3.  Get the right people on the bus and the wrong people off the bus. Ultimately your business can only be as good as the people who are working with you. Surround yourself with talented and motivated people, who care about your business as much as you do. Great employees are your most valuable assets so treat them with the care and respect they deserve. Loyalty is a wonderful quality but also be aware that talented people are usually ambitious and attracted to new and bigger challenges. They will not hesitate to seize better opportunities elsewhere if and when they are offered. Do not waste precious time and valuable resources by hiring inexperienced people with the view that they will “grow” with your business. You cannot afford to experiment with people who do not deliver the immediate results you need. If you want professional results, you will need to engage professionals with extensive experience in your industry or similar fields – people who can hit the ground running and take charge straight away. Do not trust first impressions. Check references. If you are engaging a salesperson, verify that they have a proven record in sales. If you are looking for someone to build your ecommerce site, ask to see examples of their work for businesses like yours. Before you engage anyone to manage vital aspects of your business such as sourcing, marketing or branding, confirm that they have a solid client list of known brands similar to yours. Contact those clients and ask if they would recommend that person. Make sure that any agreement you have with outsourced contractors allows you to terminate the project if KPIs are not being met. Do not make an offer of employment to anyone who cannot demonstrate that they fulfil all the requirements of the role. Just as it is hard to keep your star performers, it can also be difficult to move on mediocre or poor performers. Invest in an dedicated HR management service that ensures that all your recruitment, employment contract terms and conditions, wages, OH&S and termination procedures are compliant with legislation, and most importantly, indemnifies you in the case of a legal dispute.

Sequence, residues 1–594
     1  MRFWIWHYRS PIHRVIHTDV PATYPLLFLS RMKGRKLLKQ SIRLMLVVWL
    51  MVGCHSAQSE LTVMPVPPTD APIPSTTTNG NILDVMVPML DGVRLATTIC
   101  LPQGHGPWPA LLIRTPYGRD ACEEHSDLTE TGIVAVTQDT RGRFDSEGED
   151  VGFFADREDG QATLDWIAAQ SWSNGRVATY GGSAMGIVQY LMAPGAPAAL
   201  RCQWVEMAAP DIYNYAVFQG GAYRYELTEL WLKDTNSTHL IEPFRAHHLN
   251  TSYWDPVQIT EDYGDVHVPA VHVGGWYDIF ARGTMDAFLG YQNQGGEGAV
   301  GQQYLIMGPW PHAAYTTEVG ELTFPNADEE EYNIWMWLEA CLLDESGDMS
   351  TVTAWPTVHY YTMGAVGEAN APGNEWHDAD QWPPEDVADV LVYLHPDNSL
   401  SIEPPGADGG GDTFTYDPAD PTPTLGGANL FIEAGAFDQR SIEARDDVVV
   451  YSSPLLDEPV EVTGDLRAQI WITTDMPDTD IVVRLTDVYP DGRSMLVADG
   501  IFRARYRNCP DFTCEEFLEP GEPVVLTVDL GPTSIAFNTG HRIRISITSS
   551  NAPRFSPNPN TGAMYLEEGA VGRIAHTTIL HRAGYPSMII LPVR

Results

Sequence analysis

4.  Keep your eye on the bottom line. Nothing will sink your business faster than loose financial management. No matter how big your business grows, you should be aware of incomings and outgoings on a daily, weekly, monthly, quarterly and yearly basis. Cashflow management is imperative. Run regular reports across all your sales points – consignment, wholesale, retail and online to identify trends. Significant and prolonged drops in revenues against forecasts should be addressed as a matter of priority. Find out why revenues are falling and fix the problem. If you can't turn around a poor performing sales outlet, shut it down as quickly as you can and move those resources to a more profitable division. Go through expenditures with a fine-tooth comb. If you are struggling to make ends meet, cut expenses to the bone. When you are starting out, there should be minimal expenditure on items that do not directly result in either a sales or brand development outcome. If money is tight, look for things that you could be doing yourself, rather than paying others e.g. basic office admin tasks, cleaning, graphic design, photography etc? Watch those little things like donations, sponsorships, subscriptions, memberships. They feel good but are they necessary to the running of the business? When you add them all up at the end of the year, ask yourself, could this money be spent more effectively on something else? Heed the old saying, “You have to buy right to sell right”. Make sure you are buying at the best price. Negotiate hard with suppliers to get the best deal that you can. Healthy gross profit figures do not automatically carry over to your bottom line, especially if your costs are too high and your prices are too low. Develop a price analysis formula that lays out achievable and sustainable mark ups from the cost of goods to wholesale price to recommended retail price. Add formulae that can give you an immediate report on any changes in costs that might occur in your supply chain. If you are manufacturing offshore, be aware that fluctuations in the value of the Australian dollar will affect your calculations. It is also important that your forecasts and reports account for the discounts you offer to your customers. Assume that not all your stock will sell at full price. Be prepared to rework your forecasts to allow for the clearance of slow-moving stock at heavily discounted prices. Closely monitor your stock levels. Inventory is an asset but if it is not turning over quickly, then it becomes a deadweight tying up much needed working capital. Keep a close eye on your debts. Always pay on time and if you cannot, talk to your creditors straight away and work out a deal. They are businesspeople and have cashflow issues too. Set effective credit policies for your customers. Do not extend more credit to people who already owe you money. Finally, never underestimate the value of your equity in the business. You have worked long and hard and invested everything have in your business so do not give it away. You will be approached by ‘middlemen’ such as sourcing agents, sales agents and distributors, business development consultants etc, who will suggest a small percentage, one or two percent of your equity as part of their fees. Don’t do it. You will need every percentage of that equity later as your business growth accelerates, and you endeavour to attract genuine investors. Only sell equity in your business to investors who share your passion and your values. Bear in mind, that once your equity falls below 51 percent, you have lost control of your company.